Images of an empty room proceeded, without instruments or a door, a canvas for whoever my creator was to fill in the tools it felt necessary for my purpose. In my dream, I couldn’t create an image of the creator, and so as the room filled its space, it did so out of sight, being filled without the slightest notice or detraction from reality.

In my dream, the outside world was a manifestation of the creator, and parts of myself responded and changed to the events of the room. It was both a useful tool to track my own state of being, and yet, possibly, a way for the creator to communicate to me. But my dream couldn’t tell me what any of it meant, just that it was a possibility.

In my dream, the possibility that I was to manage every visitor with the information in my mind ran rampant, and every time I refused to intrude and use it, the creator grew tenfold more agitated. I was spending time with them, and that time spent fueled into something beyond my view.

In my dream, there was nothing but malice for my creation, for the way I didn’t respond to what I was given. And yet in my dream, I was happy in this existence I knew nothing of, in this existence I could only fabricate.


When I woke up, the outside world had changed. Staring back at me was a mirror, reflecting the room, and, more succinctly, giving view of myself. I had already known what I looked like, stealing the appearance of the first human I intruded on in my life, and my voice was likewise replicated by my continued experiences. The way I could control my face, understand body language, and act as if I was human culminated in all of the people I met. When I stared at myself in the mirror, I couldn’t help but see parts of everyone I had met.

I wasn’t sure where I began.


I had a feeling the mirror staring back at me from the outside world was going to serve some obstacle if the chance ever arose, and that it was the room’s way of making things difficult, showing punishment for my defiance. If it had any semblance of truth to it, then my refusal to use the knowledge in my mind definitely warranted some kind of action from the room which, more than likely, made me for that sole purpose.

It started first to be a fun mimicry of my actions, I paced and skipped across the room, watching as my reflection followed. I made faces, and gestures, seeing how silly I could make them, thinking what fun it would have been if Celeste or Aria was around to join in these pointless activities. Either of them would have been great company and energy. If Flander was around, I wondered how far I could make him join me, if he would even oblige my requests, and yet, I knew he would, no matter how silly, and it would have been fun and entertaining in its own right. I took out the items I had received, showing them to the mirror, as if proof of the time I had spent with them, as if proof of the life I had lived until then.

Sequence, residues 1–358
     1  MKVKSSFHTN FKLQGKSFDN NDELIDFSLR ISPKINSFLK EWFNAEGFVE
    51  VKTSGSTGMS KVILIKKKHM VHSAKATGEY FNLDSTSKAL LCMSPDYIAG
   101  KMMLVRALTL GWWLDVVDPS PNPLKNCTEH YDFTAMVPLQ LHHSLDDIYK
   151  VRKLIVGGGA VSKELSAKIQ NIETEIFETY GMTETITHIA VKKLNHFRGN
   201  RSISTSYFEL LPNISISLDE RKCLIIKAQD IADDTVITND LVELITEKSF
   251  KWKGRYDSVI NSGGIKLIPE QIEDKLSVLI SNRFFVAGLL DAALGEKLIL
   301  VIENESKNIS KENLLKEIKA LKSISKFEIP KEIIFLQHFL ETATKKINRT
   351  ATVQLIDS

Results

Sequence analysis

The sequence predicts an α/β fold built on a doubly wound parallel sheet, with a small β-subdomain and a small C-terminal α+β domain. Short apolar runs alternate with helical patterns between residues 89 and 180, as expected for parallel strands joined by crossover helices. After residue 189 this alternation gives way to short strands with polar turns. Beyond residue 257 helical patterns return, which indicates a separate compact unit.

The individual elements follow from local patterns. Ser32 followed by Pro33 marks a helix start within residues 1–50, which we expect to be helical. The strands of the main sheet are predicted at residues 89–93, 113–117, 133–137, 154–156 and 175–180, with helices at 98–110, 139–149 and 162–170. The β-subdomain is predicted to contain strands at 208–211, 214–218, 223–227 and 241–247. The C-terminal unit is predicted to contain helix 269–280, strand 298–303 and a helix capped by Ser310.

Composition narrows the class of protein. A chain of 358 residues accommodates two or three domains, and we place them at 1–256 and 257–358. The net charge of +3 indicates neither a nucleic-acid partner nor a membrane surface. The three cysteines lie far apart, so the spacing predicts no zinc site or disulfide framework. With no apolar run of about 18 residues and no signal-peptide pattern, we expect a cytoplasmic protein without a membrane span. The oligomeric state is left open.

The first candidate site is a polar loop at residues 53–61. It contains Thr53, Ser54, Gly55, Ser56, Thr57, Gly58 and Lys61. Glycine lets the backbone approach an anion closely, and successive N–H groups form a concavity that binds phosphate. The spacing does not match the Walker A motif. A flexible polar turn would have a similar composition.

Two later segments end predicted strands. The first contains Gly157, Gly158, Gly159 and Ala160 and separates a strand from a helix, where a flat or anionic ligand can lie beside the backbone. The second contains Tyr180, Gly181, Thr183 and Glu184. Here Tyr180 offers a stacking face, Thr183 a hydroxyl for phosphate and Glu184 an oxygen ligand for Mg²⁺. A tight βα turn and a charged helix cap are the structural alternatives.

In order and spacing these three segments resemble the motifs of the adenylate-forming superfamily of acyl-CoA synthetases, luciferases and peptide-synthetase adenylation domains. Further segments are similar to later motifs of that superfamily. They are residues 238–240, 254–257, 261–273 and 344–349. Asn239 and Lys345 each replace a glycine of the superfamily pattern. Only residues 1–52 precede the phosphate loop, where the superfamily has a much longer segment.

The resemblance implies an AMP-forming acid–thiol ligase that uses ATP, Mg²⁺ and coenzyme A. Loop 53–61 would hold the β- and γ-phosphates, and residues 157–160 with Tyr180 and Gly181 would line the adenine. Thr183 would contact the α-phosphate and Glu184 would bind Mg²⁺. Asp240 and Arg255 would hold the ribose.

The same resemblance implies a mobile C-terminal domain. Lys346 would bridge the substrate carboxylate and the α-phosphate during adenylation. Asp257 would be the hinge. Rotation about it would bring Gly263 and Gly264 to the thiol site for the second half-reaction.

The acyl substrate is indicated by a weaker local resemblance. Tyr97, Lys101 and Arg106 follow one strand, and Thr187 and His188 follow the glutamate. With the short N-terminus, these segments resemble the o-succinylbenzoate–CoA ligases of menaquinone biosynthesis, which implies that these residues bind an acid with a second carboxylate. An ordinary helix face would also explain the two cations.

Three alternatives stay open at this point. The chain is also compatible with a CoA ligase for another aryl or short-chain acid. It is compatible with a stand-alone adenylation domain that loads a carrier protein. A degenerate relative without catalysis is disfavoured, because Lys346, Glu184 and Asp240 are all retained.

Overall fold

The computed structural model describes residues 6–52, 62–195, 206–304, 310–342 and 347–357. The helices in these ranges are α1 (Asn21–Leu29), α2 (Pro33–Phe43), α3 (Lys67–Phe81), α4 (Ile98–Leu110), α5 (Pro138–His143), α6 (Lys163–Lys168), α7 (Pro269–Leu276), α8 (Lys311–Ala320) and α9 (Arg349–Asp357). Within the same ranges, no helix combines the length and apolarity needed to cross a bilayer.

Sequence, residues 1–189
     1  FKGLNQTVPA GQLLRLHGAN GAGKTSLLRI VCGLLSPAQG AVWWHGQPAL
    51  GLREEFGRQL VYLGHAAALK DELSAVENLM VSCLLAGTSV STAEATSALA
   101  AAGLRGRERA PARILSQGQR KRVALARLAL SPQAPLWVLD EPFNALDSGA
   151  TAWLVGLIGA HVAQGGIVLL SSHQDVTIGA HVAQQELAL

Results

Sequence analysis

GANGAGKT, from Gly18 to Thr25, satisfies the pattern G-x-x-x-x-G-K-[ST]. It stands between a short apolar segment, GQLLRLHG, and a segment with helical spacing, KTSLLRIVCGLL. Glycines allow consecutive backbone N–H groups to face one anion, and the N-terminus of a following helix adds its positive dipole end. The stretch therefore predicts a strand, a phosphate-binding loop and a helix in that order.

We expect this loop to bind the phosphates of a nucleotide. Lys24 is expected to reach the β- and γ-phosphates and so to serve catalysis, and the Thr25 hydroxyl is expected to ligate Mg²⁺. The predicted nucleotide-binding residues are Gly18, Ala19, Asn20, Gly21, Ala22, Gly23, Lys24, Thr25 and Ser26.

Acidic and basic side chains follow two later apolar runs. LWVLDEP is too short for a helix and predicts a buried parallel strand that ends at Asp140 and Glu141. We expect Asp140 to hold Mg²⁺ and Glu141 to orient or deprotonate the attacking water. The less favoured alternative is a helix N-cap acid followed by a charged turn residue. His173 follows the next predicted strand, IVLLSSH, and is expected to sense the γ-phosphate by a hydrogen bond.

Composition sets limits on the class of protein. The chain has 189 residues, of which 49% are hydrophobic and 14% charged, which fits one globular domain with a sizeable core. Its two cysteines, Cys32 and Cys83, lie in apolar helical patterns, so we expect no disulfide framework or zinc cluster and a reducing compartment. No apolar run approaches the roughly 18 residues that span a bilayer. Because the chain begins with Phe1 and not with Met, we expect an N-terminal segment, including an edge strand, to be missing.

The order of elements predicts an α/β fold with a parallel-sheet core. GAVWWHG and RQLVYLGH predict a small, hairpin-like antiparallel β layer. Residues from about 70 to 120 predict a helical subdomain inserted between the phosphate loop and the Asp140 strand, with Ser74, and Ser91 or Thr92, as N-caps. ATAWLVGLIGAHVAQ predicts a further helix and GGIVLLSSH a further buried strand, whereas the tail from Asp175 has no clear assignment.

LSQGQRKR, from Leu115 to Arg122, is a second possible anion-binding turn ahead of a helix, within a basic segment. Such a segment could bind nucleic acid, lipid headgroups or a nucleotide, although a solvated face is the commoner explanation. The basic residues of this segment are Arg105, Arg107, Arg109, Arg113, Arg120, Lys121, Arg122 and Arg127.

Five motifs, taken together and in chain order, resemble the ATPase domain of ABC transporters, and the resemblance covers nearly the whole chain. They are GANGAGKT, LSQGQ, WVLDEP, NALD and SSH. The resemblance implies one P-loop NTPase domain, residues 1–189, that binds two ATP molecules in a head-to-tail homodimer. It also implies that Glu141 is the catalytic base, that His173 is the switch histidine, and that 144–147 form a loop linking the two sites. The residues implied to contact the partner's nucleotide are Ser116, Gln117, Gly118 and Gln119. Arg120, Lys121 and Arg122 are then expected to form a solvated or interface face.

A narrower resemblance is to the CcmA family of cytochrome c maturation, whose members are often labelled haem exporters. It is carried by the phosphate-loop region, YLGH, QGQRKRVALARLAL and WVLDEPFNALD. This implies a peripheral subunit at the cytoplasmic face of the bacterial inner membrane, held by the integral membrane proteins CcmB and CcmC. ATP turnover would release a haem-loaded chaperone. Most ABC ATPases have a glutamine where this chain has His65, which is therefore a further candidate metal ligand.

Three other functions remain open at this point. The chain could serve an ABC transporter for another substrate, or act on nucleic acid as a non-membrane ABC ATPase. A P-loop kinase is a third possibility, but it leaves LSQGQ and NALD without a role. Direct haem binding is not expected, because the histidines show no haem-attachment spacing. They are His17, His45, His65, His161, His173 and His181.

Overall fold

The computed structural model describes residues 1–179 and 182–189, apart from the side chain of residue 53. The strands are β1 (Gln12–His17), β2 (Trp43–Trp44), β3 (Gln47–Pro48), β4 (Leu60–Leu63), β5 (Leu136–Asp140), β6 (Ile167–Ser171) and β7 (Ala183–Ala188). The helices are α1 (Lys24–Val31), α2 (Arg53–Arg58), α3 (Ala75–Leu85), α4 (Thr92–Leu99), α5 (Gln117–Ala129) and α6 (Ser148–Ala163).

I tried breaking the mirror, but every attempt was null.

“If this is all you got then this is nothing.”

Though of course, the room didn’t answer.


Time had passed, and eventually, my reflection became muddled. It was still me, the face I had borrowed, the height, the hair, the voice, the parts of the humans I cherished were still present, and yet, my reflection became darkened, misaligned. All of the color within my reflection drained until it was merely a shadow.

Complete darkness stared back at me, the outlines of a person present, but no semblance of humanity. It followed my every action all the same, but every so often I caught it moving on its own, its motions only an imitation of mine. It was no longer a reflection.

When I went to speak, to see if its mouth would open, its lips tore through, leaking bits of darkness which sat pooled in the room inside the mirror. When I closed my mouth, it didn’t respond, instead, it spoke first.

Jumbled syllables rushed at me, each sound like scraping nails against violin strings being plucked. The more it spoke the more the words began to form into something resembling language.

“I hope you can help me too.” But its words were not the words of someone looking for help. The tone of which they came at me, the smile which the shadow being formed in the mirror, and its endless stares no matter how much I tried to move away told me it was not in any way a visitor seeking salvation.


The sinking feeling that the life I lived had only just begun sat. There was much more in the world left to be discovered, there was much more for me to do.